A unique blend of memoir and scholarship, Keith Gilyard's Voices of the Self is a penetrating analysis of the linguistic and cultural qcollisionq experienced by African-American students in the public education system. Gilyard examines black students qnegotiateq their way through school and discusses the tension between the use of Black English and Standard English, underlining how that tension is representative of the deeper conflict that exists between black culture and white expectations. Vivid descriptionsaoften humorous, sometimes disturbing, always movingaof Gilyard's own childhood experiences in school and society are interlaced with chapters of solid sociolinguistic scholarship. Encompassing the perspectives of both the qstreetq and the qacademy, q Voices of the Self presents an eloquent argument for cultural and linguistic pluralism in American public schools.In the memoirs and/or case studies of Jonathan Kozol (1968), Gerald Levy (1970) , and Daniel Fader (1971), the third grade ... will indeed develop the academic ability to succeed throughout public school if they can but weather the early years , ... In this chapter I will assess my own school pilgrimage through that apparently crucial third grade, analyzing the factors that allowed me to negotiate the passageanbsp;...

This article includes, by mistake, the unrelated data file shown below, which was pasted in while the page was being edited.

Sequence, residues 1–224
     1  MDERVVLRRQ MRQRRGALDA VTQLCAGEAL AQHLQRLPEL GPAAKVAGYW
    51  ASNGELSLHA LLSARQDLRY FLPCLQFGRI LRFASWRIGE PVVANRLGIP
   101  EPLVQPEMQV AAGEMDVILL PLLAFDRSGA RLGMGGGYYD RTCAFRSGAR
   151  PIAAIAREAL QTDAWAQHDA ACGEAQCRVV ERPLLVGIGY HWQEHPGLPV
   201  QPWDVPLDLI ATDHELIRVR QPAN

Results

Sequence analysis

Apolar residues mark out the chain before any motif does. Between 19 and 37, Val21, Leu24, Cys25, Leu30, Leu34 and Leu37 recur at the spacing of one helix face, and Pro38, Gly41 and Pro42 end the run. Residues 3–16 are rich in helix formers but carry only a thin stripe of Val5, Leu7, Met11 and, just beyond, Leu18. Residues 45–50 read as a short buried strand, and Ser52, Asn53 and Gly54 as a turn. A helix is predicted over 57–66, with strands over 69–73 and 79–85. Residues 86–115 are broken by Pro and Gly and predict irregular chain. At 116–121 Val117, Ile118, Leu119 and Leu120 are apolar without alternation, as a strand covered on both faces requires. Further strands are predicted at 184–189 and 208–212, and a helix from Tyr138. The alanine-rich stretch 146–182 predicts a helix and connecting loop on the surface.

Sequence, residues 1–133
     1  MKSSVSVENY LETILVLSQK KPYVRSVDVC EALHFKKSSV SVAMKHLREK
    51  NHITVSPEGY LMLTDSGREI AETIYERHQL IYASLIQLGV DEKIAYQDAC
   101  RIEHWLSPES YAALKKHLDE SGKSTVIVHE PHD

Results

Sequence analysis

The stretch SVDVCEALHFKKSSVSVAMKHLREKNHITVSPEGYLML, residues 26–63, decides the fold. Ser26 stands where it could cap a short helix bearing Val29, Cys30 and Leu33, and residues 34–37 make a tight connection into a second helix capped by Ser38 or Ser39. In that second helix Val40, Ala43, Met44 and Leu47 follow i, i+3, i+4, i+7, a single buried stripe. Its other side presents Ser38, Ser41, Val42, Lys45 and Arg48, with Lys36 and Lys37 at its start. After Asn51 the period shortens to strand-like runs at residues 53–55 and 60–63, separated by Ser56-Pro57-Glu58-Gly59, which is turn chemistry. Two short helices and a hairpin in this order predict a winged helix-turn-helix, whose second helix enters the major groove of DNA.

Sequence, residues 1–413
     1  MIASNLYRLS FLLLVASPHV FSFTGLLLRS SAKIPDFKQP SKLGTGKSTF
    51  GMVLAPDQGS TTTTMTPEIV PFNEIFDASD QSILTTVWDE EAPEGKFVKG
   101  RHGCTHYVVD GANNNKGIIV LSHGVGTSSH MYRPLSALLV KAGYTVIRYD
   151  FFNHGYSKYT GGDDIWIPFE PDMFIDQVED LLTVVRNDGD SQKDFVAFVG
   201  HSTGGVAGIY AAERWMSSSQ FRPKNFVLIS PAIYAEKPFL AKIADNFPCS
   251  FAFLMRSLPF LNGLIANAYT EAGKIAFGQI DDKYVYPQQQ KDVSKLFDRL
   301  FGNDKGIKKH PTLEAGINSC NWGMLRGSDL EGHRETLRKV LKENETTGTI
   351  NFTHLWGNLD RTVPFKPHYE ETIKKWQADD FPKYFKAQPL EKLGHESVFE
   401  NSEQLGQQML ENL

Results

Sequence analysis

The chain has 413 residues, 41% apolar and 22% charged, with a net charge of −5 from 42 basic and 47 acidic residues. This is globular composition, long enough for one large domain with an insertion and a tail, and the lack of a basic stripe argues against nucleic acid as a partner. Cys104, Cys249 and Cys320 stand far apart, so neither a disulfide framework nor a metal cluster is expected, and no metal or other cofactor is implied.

|Title||:||Voices of the Self|
|Publisher||:||Wayne State University Press - 1991-07-01|